Tag Archives: olive oil

Basil Walnut Pesto (pine nut and dairy-free)

23 Jun
Pesto!

Pesto!

Basil. Honestly, what’s not to love? Now is the perfect time to enjoy this beautifully blooming herb. I love it chopped fresh on sautéed vegetable salads and I love it in pesto. Since I’m allergic to pine nuts and dairy gives me a less-than-desired pubescent complexion, I opt for my own rendition–skipping the dairy, lessening the oil (most pestos are too oily for my taste) and adding in walnuts. Enjoy it drizzled on fresh vegetables, in place of salad dressing and topped on grilled chicken or scrambled eggs.

 

Ingredients:

1 cup walnut pieces

1/4 tsp garlic powder or 3 cloves finely minced

1/2 tsp sea salt

3 1/2 cups fresh basil

1/4 cup extra-virgin olive oil

1/2 lemon, juiced

 

Directions:

1. Place walnuts, garlic, sea salt and 1/2 of the olive oil in a food processor. Blend until smooth.

2. Add basil, the rest of the olive oil and lemon juice to the walnut mixture. Blend until smooth. Add more olive oil, salt and garlic powder if you need to reach your desired taste and consistency.

 

For more ways to eat healthfully and deliciously, visit my recipe page.

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Fresh Herbs Any Thyme

23 Sep
My very own green goddesses.

My very own green goddesses.

I love going out to my garden and picking fresh cilantro for guacamole or basil for homemade pizza sauce. Wouldn’t it be wonderful to have fresh herbs all year long to dress up your favorite dish? Here are some tips for year round herbs that trump grocery store dried varieties any day of the week.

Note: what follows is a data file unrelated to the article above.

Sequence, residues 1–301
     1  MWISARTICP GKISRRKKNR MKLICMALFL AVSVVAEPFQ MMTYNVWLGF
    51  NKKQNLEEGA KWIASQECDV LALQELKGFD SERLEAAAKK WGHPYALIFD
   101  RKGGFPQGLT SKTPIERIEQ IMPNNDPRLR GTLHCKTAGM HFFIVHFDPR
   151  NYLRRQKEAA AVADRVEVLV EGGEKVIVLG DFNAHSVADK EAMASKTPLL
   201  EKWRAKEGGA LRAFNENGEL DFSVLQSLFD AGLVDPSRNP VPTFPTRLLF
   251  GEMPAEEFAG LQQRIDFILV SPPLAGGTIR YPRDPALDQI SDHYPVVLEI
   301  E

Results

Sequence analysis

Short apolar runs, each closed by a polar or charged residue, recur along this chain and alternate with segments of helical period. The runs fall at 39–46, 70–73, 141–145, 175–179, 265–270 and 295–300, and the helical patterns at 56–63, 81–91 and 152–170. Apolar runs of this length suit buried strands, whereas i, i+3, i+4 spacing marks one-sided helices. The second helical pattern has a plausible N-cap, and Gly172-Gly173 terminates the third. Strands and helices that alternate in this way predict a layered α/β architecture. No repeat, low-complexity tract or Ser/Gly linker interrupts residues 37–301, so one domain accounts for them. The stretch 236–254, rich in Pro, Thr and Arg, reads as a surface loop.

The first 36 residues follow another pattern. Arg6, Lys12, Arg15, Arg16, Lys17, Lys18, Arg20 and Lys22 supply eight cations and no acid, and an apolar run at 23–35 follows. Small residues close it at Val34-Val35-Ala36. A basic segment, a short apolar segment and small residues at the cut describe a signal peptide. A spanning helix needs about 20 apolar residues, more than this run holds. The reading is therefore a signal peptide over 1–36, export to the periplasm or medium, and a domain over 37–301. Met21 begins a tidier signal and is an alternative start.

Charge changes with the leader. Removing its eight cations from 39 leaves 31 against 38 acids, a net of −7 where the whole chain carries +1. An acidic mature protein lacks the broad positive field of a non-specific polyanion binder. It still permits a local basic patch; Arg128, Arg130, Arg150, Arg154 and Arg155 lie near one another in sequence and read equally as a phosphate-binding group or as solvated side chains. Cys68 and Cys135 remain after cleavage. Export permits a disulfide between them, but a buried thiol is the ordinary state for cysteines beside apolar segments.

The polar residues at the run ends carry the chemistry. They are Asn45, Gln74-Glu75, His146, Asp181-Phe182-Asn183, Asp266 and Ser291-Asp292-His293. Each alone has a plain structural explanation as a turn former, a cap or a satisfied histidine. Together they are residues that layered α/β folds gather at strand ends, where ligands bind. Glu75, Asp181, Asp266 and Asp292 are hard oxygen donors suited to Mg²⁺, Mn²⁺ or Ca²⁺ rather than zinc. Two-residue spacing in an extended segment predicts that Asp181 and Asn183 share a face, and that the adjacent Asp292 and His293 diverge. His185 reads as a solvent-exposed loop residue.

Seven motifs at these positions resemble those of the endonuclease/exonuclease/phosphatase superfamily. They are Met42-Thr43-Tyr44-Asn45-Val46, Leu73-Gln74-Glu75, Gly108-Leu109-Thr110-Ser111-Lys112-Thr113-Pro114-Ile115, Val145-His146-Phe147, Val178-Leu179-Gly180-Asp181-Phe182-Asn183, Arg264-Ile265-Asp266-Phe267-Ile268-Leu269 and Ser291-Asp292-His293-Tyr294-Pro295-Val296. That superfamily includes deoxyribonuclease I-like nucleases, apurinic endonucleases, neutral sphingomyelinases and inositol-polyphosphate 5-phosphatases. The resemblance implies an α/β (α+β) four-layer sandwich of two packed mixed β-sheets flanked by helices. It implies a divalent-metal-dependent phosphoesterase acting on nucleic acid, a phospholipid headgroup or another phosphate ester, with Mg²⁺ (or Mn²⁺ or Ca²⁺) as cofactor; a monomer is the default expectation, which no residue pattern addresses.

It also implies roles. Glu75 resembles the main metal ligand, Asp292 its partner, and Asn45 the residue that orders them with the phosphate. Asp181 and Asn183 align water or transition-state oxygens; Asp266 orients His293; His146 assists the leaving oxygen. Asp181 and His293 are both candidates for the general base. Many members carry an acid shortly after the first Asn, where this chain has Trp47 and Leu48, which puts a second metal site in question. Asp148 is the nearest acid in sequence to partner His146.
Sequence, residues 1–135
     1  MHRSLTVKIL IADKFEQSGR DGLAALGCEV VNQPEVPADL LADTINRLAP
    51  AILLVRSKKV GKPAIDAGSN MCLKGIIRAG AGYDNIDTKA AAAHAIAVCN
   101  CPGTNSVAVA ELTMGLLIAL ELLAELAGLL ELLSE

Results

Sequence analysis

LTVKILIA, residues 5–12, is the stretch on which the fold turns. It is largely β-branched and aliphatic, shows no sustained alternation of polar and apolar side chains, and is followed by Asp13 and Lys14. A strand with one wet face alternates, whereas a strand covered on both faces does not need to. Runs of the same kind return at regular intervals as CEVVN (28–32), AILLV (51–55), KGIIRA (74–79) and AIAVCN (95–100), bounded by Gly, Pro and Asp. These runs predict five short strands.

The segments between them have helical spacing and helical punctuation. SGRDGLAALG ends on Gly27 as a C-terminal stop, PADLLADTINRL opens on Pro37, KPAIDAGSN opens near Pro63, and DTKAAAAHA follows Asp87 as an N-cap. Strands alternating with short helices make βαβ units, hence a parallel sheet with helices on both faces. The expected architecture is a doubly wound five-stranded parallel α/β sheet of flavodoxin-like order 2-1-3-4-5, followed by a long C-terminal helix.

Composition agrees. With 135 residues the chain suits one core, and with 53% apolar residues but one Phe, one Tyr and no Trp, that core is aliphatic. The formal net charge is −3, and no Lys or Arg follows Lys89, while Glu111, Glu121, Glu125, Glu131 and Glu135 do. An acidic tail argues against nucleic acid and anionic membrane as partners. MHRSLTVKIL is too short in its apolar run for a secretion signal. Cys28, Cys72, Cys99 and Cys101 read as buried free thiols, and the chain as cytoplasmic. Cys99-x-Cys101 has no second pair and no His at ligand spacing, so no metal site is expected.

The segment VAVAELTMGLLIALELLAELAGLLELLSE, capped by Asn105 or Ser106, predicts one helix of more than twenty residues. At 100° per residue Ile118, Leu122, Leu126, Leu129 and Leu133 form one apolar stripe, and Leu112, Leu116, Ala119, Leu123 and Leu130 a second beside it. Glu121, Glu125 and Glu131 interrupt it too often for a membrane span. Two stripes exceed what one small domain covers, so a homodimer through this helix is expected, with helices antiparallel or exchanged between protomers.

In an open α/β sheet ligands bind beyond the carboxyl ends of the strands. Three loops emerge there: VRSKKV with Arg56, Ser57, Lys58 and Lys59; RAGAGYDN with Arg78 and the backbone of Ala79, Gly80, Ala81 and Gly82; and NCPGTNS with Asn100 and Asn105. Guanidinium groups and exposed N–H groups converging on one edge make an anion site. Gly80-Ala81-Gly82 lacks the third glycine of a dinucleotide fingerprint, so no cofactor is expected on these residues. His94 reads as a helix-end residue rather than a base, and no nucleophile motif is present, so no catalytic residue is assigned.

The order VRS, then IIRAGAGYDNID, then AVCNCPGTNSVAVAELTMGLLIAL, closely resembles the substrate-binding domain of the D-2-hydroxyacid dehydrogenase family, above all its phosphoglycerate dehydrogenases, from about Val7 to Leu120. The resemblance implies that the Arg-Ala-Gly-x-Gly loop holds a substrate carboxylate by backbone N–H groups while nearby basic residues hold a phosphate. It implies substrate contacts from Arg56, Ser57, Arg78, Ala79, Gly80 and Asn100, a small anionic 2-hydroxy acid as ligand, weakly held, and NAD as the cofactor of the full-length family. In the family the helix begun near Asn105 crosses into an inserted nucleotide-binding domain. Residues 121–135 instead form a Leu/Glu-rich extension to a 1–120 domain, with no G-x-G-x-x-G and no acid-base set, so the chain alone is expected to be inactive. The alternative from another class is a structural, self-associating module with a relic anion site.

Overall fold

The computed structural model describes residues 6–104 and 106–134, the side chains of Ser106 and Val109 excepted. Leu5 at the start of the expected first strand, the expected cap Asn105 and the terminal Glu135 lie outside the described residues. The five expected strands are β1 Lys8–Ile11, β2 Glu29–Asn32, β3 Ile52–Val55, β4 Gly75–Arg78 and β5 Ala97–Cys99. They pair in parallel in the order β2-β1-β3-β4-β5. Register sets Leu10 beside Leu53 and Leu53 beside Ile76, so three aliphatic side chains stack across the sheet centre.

Indoor Garden. Many herbs like oregano, marjoram, chives, basil, cilantro, thyme, mint, rosemary and lavender do wonderful indoors if started from seed or a starter plant. Invest in good potting soil and a nice clay pot (plastic doesn’t work well). Keep these green beauties trimmed, well watered and cozy in bright direct light and warm temps above 60°. If you are looking at bringing the outdoors in, it is best to transplant your herbs in September before the first frost hits. Cilantro and basil do not work well as transplant herbs, but the others do just fine. Again, place them in clay pots with good potting soil and slowly acclimate them to lower light levels before moving them indoors for good.

Dry Out. My dad dried basil last winter and it worked beautifully! All you need is some string and brown paper bags. First, clean and pat dry the herbs keeping leaves on the stems. Once herbs are dry, tie the stems together, place them in a paper bag and hang them upside down to dry for 4-6 weeks. Pick the dried leaves off the stem and place them in a tightly sealed container. Do not crush the leaves until you are ready to use them in your recipe. Crushing them will release their aromatic oils which adds all of the flavor and aroma to your tasty dishes.

Freeze In Fat. Freezing your herbs in a fat such as olive oil helps preserve the lovely oils that add so much flavor to your wintry stews. For this method, you’ll want to pick the leaves off the stems, wash and dry them in a salad spinner or pat dry with a paper towel. Place the leaves in a food processor with olive oil (1/3 cup olive oil for every 2 cups of leaves). Process the herbs until they are finely chopped and place 1 cup of the herb-oil mixture into a 1-quart zip-top bag and lay the bag flat in the freezer so the mixture will freeze in a nice, even layer. Use within 6 months by cutting off as much of the herb oil you need for pestos, soups, stews, salad dressings, hummus and more.